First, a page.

Editor’s Note: A version of this post previously appeared on our law firm’s China Law Blog. It focuses on the vaping industry but much of it holds true for a host of other U.S. industries caught up in the tariffs as well. The bottom line is that the situation for products and companies that will be hurt by these tariffs is not good and the chances of overturning the tariffs are in most cases less than 50 percent. But in many cases the situation is not yet hopeless and it behooves you to try.

cannabis marijuana term sheet

When I receive a summary of a cannabis business deal–the first emails, calls, LOIs, and term sheet in any form–with 90% accuracy I can say whether the transaction will be a difficult one or not. Note that “difficult” does not correlate with complex: Often the more complex deals, with multiple entities and asset transfers, end up being much easier, whereas a simple secured loan can be more difficult. And in the context of a transaction, “difficult” = “time consuming” = unnecessary expense. Everyone would like to avoid that.

The number one differentiating and determinative factor in assessing the difficulty of a marijuana business deal is the term sheet. If a deal is a building, think of the term sheet as both the architect’s blueprint and the physical foundation on which the deal is built. Deals that are smooth are built with a clear plan and on a solid base; these come in on time and under budget. Deals that are built based on a vague understanding of the final goal but with no firm, documented plan, will be typified by stops and starts, walls built, torn down and rebuilt, and a final product that stands but doesn’t resemble what either parties had in mind (“in mind” being a key phrase here, as often what was in the parties’ mind was never exchanged in an agreement). Oh, and the dreaded cost overruns.

Engage your attorney before you sign a term sheet. 

Having a final term sheet is necessary for a smooth transaction, but agreeing that a half-baked term sheet is “final” may prove worse than having no term sheet at all. Do not make the mistake of thinking you cannot engage your attorney until you have a term sheet signed: In fact, an hour with your attorney before you finalize the terms, could save you many hours down the line. Your experienced business attorney will know how the terms will fit in the documents, and in turn what terms you may not have addressed fully, or at all.

Do not have your attorney draft the transaction documents until after you sign a comprehensive and binding term sheet. 

Speed in transactions is defined by certainty. Term sheets that say “market standard” terms for X is likely a proxy for “we didn’t take the time to discuss X.” This can work if the parties have a common reference point or an external reference. For example, in the context of an equity financing, “standard NVCA language on Registration Rights” is OK. “Standard anti-dilution” is not OK: There are at least three flavors and they are wildly different, so the drafting attorney with that term sheet is guessing–or likely talking only to his side–on the issue. The stops, starts, and re-drafts is what eats up time.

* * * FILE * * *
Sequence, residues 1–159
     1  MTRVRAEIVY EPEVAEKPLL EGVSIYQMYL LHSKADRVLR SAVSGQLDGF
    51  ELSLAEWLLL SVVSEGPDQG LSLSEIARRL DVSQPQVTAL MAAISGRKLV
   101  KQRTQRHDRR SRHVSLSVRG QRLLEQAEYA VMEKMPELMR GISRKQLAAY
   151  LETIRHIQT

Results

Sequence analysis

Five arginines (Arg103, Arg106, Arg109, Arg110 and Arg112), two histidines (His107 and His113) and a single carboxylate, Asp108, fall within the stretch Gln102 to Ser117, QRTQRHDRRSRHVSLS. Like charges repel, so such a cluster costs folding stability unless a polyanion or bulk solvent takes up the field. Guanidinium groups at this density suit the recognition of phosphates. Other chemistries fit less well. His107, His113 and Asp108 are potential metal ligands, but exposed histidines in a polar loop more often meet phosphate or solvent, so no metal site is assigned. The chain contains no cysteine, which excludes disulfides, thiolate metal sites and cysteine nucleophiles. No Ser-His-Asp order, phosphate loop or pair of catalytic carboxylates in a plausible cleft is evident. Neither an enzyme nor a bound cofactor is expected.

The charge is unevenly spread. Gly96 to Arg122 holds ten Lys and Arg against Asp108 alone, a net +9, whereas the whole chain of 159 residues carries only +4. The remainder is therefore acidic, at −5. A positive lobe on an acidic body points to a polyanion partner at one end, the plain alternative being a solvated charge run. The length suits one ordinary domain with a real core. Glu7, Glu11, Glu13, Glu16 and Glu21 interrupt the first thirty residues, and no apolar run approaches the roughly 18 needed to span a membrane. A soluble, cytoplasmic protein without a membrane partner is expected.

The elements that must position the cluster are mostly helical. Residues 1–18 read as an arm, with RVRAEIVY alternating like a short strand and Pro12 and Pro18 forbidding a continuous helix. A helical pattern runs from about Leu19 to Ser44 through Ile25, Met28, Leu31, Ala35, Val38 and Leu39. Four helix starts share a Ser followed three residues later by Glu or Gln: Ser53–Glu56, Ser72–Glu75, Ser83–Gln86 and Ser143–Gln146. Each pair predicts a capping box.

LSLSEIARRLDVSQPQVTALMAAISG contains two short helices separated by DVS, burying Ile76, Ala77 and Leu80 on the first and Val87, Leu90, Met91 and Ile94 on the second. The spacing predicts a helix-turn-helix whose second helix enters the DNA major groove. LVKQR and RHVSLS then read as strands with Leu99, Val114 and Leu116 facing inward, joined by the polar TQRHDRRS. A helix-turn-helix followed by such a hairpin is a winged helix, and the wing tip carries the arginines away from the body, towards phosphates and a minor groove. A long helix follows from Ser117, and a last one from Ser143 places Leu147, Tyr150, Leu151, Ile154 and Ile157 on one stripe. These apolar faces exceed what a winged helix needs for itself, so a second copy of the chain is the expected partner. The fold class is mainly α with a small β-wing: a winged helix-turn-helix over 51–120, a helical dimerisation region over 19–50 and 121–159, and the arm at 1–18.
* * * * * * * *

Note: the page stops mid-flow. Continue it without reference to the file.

Continuing with the building analogy: Every couple building their dream home wants the house built quickly and correctly, and on budget. But they had better get all the critical details decided and in the plans before the first brick is laid. In other words, if you don’t agree on the location and number of bathrooms, you wouldn’t tell a contractor to “start building now and we’ll decide on the bathrooms later.” The decisions won’t get easier if you put them off, and having a full plan in place from the beginning will make the process more enjoyable for all.

cannabis marijuana patent litigation

In previous posts, we’ve puzzled about why no one has filed a cannabis patent infringement case, despite the large number of patents granted for cannabis plants and compounds. See here, here, here, and here.

That all changed last week. United Cannabis Corporation (“UCANN”) has now filed what is believed to be the first cannabis patent infringement complaint. The case is United Cannabis Corporation v. Pure Hemp Collective, Inc., case no. 1:18-cv-01922-NYW, in the United States District Court for the District of Colorado.

The patent asserted is U.S.P. 9,730,911, “cannabis extracts and methods of preparing and using same.” The claims in the patent generally cover liquid cannabinol formulations using tetrahydrocannabinol (THC), cannabidiol (CBD), and various terpenes. See, for example, claim 10: “A liquid cannabinoid formulation, wherein at least 95% of the total cannabinoids is cannabidiol (CBD).”